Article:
The sharp contrast between this beautiful, neat, black and white, minimalist temple and the typical green and orange Thai pagodas is the first sign telling the visitor that this temple is special.HistoryIts history confirms the first impression. The Black Metal Pagoda was built in the reign of King Rama III in 1846, as a replica of an historic Sri Lankan Buddhist temple; having the original been destroyed, the temple in Bangkok became unique of its kind in the world. Reaching Wat RatchanatdaramReaching the Black Metal Pagoda is easy; the temple is at Ratchadamnoen corner Mahachai, near the Democracy Square. The Grand Palace, the Golden Mount, Wat Pho and Khaosan Road are all at walking distance from it. Even the Chao Praya River is not far away.Due to its nearness to Khaosan Road, all the transport serving that location is fine for reaching the temple. An attractive option for reaching it is using the Chao Praya Express Boat from anywhere along the riverside to the Memorial Bridge Pier, and then taking a healthy walk or a taxi from there.Monks and MarketMany monks attend the complex and are more than happy for an opportunity to practice their English. Near the temple is the Amulets Market, where expensive Buddhist charms can be bought; the same merchandise can be found elsewhere in Bangkok at better prices.StructureThe temple is famous for its Metal Castle (Loha Prasat) west of the complex main temple. The five levels castle is square and has thirty-seven spires; the central one reaches thirty–seven meters above the street level. The upper three levels host the beautiful and elaborated cast iron spires which give the temple its common name, unusual shape and black color. Climbing all the way up to the spires’ level and taking a close look at the unique roof is possible; the Golden Mount is in clear sight from there and in clear days, glorious views of Bangkok are available. The interior is unusually uncluttered for a Thai temple and has a handsome wooden, spiral staircase constructed with thick wood steps inserted in a central metal column; it leads up to the spires. Also this secondary structural aspect of the temple is very unusual. Classical drums used to call for the prayers adorn the interior.SymbolsThe temple design symbolizes the different qualities contributing to enlightenment in Buddhism. In fact, the temple is an open Buddhist encyclopedia; the main aspects of Buddhist doctrine can be read on the building structure, similarly to the situation in Angkor Wat.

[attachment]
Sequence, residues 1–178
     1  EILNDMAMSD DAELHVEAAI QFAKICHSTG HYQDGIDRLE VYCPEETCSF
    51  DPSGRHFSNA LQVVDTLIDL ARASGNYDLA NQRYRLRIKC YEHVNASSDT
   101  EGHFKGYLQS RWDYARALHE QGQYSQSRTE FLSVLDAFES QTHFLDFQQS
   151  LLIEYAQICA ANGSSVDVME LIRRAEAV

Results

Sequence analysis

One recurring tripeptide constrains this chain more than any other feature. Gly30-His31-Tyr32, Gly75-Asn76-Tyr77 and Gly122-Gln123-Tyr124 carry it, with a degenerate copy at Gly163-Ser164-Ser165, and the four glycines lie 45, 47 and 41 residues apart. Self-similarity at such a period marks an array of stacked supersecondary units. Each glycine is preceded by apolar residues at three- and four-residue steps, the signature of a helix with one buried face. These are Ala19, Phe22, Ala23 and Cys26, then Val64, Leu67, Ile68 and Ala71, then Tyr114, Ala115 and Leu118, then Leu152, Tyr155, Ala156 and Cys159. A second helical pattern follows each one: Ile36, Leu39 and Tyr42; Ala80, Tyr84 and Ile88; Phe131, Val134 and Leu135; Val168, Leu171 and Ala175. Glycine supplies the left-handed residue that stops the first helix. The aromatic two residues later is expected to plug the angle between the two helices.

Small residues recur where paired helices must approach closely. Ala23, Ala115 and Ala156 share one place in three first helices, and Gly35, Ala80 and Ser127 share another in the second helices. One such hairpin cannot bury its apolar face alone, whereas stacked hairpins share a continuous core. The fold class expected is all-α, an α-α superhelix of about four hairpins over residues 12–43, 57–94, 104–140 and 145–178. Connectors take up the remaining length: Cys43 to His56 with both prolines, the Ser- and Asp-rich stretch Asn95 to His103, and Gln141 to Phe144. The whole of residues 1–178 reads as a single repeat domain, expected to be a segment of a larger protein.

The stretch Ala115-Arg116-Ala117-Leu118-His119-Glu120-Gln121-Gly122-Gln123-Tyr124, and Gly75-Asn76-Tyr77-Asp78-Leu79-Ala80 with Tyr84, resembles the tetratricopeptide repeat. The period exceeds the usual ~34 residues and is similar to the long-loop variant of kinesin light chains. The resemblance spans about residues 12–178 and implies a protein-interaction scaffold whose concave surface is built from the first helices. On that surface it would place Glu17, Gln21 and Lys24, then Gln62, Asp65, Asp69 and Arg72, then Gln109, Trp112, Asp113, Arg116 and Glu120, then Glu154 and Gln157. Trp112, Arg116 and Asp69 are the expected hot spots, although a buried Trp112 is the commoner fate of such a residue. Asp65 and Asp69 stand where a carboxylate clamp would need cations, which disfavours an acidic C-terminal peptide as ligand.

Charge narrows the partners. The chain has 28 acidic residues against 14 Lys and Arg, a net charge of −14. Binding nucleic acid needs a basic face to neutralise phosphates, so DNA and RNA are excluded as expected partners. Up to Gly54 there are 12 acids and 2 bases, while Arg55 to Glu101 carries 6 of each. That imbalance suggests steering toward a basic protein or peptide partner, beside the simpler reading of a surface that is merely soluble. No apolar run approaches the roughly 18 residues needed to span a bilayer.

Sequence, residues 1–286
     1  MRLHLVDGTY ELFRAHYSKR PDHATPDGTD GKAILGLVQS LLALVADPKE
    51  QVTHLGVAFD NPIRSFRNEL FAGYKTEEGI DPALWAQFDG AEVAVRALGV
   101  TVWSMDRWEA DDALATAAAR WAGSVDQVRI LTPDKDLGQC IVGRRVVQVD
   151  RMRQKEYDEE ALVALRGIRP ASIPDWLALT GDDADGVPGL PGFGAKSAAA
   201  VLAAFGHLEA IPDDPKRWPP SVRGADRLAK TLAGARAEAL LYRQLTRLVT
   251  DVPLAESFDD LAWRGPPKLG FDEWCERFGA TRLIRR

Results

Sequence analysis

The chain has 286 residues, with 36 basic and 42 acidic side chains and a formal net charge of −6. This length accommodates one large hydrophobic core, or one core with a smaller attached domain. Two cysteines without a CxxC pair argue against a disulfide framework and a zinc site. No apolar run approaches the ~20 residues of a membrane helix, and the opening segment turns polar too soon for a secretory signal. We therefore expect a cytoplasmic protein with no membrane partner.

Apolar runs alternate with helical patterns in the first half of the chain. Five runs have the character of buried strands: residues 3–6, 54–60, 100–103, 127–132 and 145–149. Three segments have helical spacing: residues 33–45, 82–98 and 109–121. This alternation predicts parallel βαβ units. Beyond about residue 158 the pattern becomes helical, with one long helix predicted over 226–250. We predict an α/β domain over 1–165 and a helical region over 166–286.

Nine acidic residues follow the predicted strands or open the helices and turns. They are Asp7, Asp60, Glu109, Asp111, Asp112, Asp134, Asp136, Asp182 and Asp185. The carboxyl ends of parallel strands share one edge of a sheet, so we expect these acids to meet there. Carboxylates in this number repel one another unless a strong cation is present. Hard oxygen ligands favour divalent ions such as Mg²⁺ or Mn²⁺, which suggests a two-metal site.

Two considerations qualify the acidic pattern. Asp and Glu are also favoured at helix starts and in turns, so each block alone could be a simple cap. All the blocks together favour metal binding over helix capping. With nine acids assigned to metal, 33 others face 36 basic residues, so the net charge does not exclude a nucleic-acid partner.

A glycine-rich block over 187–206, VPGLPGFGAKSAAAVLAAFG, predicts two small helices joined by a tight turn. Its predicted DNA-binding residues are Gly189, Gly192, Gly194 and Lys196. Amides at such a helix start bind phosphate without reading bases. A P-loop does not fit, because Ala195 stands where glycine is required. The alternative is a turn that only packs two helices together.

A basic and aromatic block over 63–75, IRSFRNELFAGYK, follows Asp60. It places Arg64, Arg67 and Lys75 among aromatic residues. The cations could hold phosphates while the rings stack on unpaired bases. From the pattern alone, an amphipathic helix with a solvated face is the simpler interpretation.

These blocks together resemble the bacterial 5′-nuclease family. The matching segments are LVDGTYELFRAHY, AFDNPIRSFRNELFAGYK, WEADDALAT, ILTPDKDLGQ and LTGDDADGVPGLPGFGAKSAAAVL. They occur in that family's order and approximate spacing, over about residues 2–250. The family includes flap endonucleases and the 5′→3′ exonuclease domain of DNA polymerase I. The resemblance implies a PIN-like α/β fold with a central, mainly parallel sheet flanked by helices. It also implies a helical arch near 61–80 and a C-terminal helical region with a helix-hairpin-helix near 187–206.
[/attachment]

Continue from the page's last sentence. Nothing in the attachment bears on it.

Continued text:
Wat Saket Ratcha Wora Maha Wihan is a well-known sight in Bangkok, and not only because it is engraved in the two Baht coin.Its hill – raising seventy-seven meters above the street level - is seen from far away; climbing it allows beautiful views of downtown Bangkok and the Grand Palace. LocationIts location is ideal for guests at hotels in the Khaosan Road area, since it is located next to Ratchadamnoen Avenue and opposite to the Black Metal Temple - Wat Ratchanatda.ReachingWat Saket can be reached by foot from Khaosan Road or with any transport serving that area. An additional and very attractive option is using the Chao Praya Express Boat from anywhere along the riverside to the Memorial Bridge Pier, and then taking a healthy walk or a taxi. The Golden MountWithin Wat Saket is Phu Khao Thong, an artificial hill with a temple built around and atop it. The hill is a slanted ramp which reaches a strikingly beautiful chedi at its summit, where Buddha relics are kept. A Chedi or a Stuppa is a three layered structure, where the bottom layer resembles a turned over rice bowl, while the upper layers resemble a folded Buddha garment and his walking stick. Beyond being a metaphor of Buddhist doctrine, chedis sometimes contains relics.The whole structure has been painted in yellow that fits the golden chedi at the top. The high, curved walls containing the whole structure create wonderful views along the way.HistoryThe golden chedi atop the hill is a main Thai landmark; its peculiar shape is the result of its complicated history. During the Ayuthaya Kingdom a temple called Wat Sakae existed on the same location.Later, King Rama I rebuilt the temple - which was beyond his city’s walls - and renamed it Wat Saket. King Rama III ordered the creation of a chedi atop an artificial hill, but the temple collapsed because of the soft soil underneath. His successor, King Rama IV directed the construction of a new chedi on the former ruins, which was then called Suwannabanphot. For a long time the temple was the city’s main crematorium.FestivalIn November, a festival is held at Wat Saket; it includes a candlelit procession up the Golden Mount. MonksThere are many monks around this temple, especially on the ramp climbing around the hill; they seem to be waiting for tourists to speak with and usually are a reliable source of information.Future TellingJust out of the relic’s chamber, a couple of monks do their best at telling the visitor’s future, using several methods typical of Buddhist temples. In the most popular and fast method, the guest is awarded a printed page telling his future after having left a donation. The guest picks a stick out of a box; the stick has a number that correspond to one of the pre-printed futures.